3) Amniotomy, or artificially breaking the waters. While some swear that breaking the amniotic sac will successfully bring on contractions, others argue that it is a gamble and may or may not actually start or strengthen labor. According to this study, amniotomy does not significantly reduce the length of first stage labor- it only shortens it by about 20 minutes! What’s more, it carries with it increased risk of infection, the possibility of encouraging poor fetal positioning, and a slightly (though not statistically significant) increased risk of cesarean section.
4) Natural Induction Methods. There are many folk methods for inducing labor- everything from a bumpy car ride to eating pineapple. Slightly more valid options include acupressure, castor oil, evening primrose oil, and herbal and homeopathic remedies. But hands down, the best methods for cervical ripening and (perhaps) beginning labor are sexual intercourse and nipple stimulation. These last two promote the same hormones (prostaglandins in semen, oxytocin release in both activities, etc.) that stimulate labor naturally or through artificial induction.
Now, the point here is not SO much whether or not these methods will work for you- because labor progress is a complicated thing!- but whether or not you should consider one of these methods for an elective induction.
Here’s what you need to know about induction: it can carry with it a variety of risks to both mother and baby. An early elective induction (before 39 weeks) can increase the risk of lung, brain, and liver problems, and low birth weight in your infant. ACOG says that restricting the use of elective inductions can reduce the number of c-sections. ACOG also states that suspecting a big baby is not an acceptable reason for early induction.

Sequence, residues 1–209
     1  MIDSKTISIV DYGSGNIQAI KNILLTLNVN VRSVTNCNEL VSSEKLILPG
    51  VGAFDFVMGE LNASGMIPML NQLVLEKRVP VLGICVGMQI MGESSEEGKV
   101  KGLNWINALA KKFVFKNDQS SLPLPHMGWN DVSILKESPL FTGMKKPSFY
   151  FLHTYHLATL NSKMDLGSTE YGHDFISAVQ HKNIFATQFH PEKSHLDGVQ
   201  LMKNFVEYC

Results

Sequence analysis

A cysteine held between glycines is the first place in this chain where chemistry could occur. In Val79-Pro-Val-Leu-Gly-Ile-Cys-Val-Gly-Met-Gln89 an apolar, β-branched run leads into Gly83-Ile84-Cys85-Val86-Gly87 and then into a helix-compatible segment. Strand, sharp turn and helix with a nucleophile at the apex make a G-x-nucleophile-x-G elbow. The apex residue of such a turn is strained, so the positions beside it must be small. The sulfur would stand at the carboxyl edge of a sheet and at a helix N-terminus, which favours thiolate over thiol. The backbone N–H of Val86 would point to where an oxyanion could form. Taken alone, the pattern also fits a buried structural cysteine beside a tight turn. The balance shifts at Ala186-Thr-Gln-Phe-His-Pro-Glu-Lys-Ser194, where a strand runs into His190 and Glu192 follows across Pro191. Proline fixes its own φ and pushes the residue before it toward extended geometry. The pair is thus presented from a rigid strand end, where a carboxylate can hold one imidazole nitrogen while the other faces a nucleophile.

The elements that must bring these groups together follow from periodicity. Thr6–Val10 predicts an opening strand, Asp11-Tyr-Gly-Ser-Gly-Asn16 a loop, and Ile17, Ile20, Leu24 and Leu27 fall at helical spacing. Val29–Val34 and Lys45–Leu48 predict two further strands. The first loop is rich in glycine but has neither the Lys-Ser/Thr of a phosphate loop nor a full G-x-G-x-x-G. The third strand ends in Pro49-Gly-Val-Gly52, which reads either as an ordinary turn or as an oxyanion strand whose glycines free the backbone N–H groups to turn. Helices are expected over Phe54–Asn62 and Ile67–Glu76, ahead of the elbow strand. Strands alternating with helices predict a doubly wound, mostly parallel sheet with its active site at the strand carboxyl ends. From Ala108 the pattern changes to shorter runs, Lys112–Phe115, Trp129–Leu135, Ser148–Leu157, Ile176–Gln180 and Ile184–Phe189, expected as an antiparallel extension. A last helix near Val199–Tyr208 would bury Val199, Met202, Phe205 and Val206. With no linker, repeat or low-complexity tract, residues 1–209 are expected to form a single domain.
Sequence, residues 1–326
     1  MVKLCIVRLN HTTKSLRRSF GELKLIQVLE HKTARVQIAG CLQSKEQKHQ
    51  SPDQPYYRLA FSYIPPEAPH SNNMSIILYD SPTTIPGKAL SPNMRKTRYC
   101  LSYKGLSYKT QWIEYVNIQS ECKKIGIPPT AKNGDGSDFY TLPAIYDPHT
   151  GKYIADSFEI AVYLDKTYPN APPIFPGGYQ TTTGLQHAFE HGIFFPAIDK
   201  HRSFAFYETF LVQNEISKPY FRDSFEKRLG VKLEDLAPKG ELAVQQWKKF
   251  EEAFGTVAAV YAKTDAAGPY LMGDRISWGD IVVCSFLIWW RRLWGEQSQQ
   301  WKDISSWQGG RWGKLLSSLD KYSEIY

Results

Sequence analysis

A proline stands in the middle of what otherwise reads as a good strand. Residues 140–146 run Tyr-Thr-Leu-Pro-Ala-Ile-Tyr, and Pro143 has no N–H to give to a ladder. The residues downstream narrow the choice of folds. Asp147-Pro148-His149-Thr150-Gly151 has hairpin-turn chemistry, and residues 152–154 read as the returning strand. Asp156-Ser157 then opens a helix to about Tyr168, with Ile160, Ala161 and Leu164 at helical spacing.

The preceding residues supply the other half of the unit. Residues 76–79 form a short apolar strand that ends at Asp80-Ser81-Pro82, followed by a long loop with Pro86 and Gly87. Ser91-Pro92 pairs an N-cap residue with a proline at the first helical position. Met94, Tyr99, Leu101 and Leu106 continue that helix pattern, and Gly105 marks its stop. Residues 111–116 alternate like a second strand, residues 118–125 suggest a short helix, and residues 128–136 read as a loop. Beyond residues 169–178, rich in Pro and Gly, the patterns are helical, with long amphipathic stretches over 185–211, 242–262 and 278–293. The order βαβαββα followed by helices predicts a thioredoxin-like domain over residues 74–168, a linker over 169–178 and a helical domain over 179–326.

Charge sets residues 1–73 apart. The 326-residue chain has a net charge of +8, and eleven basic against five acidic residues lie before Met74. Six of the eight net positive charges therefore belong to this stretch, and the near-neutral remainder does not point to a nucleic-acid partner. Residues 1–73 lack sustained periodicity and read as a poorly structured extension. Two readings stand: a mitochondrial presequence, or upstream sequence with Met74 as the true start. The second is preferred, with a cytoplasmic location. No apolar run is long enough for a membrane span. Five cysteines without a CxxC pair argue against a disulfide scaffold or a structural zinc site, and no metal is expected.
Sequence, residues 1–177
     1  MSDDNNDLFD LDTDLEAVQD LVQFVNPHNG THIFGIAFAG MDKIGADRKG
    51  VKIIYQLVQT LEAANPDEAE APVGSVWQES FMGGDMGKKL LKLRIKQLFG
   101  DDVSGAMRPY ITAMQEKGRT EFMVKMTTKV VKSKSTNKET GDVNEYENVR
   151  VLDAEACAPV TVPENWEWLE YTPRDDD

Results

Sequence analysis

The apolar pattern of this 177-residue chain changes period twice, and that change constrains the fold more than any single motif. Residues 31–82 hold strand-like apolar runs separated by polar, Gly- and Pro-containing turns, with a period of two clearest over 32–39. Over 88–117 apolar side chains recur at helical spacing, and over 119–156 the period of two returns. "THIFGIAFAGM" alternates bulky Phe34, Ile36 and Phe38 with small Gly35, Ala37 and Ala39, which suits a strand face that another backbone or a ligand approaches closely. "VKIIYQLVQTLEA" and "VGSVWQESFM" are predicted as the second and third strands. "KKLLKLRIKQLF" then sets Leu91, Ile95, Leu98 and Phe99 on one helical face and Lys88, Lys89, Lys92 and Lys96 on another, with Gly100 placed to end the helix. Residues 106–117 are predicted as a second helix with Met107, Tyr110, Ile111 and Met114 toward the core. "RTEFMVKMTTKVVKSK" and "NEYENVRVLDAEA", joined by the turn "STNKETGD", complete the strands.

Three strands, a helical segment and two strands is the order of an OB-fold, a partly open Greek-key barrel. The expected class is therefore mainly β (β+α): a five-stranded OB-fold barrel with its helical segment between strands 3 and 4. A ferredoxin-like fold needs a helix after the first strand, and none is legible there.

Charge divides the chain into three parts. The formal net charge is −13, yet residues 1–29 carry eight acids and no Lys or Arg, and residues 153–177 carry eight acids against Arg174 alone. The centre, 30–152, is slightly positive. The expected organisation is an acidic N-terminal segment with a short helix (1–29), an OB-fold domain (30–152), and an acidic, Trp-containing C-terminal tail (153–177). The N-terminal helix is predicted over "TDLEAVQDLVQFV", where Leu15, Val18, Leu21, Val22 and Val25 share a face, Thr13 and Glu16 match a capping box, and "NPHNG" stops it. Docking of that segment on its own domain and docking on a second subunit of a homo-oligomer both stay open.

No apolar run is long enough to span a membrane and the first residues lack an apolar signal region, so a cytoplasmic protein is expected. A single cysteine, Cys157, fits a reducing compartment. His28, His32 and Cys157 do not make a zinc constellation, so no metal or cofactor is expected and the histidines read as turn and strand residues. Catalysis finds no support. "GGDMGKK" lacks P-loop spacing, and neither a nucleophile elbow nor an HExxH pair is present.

For the sake of full disclosure, I am generally not in favor of elective inductions without a medical indication. But- here’s the thing- if you are full term and/or post dates, have a favorable cervix, and a really strong reason why you want this baby now, and you have access to a less-invasive method of induction, it’s possible that an elective induction may be a relatively safe choice for you.
For example, I chose to try to get my labor for V moving by having my midwife strip my membranes and taking an herbal concoction. Why? I was already 5 cm dilated, not in active labor, and I live 30 minutes from the nearest hospital and 1 hour from my midwife. For me, this was about avoiding an accidentally unassisted home birth due to a precipitous (really fast) labor. While I still would have preferred going into full-blown labor on my own, I felt safe about my choice to self-induce. (While not a medical indication per say, it was not a choice made for convenience either.)
However, you must be aware that more intense methods of self inductions (like an amniotomy or a strong increase in pitocin drip, for example) introduce a higher level of risk that would not be present by waiting for labor to begin on its own. This does not necessarily make the choice wrong, but it is one that you must consider carefully.
The bottom line? Generally, the evidence suggests that its best to avoid an induction unless you have a medical indication for one.
Think twice before inducing your labor to have your baby home by Christmas. Talk with your doctor or midwife about the pros and cons. Is there a very important reason that you need your baby born on a certain date? Is your cervix favorable? Are you at least 39 weeks pregnant, and preferably more? What are the possible risks and benefits for you and for your baby? Would it hurt you to wait a little longer?
These are questions that only you and your care provider can answer. Hopefully, if you are armed with good information, clear options, and an open discussion, you can make a well-informed, healthy decision for you and your new baby.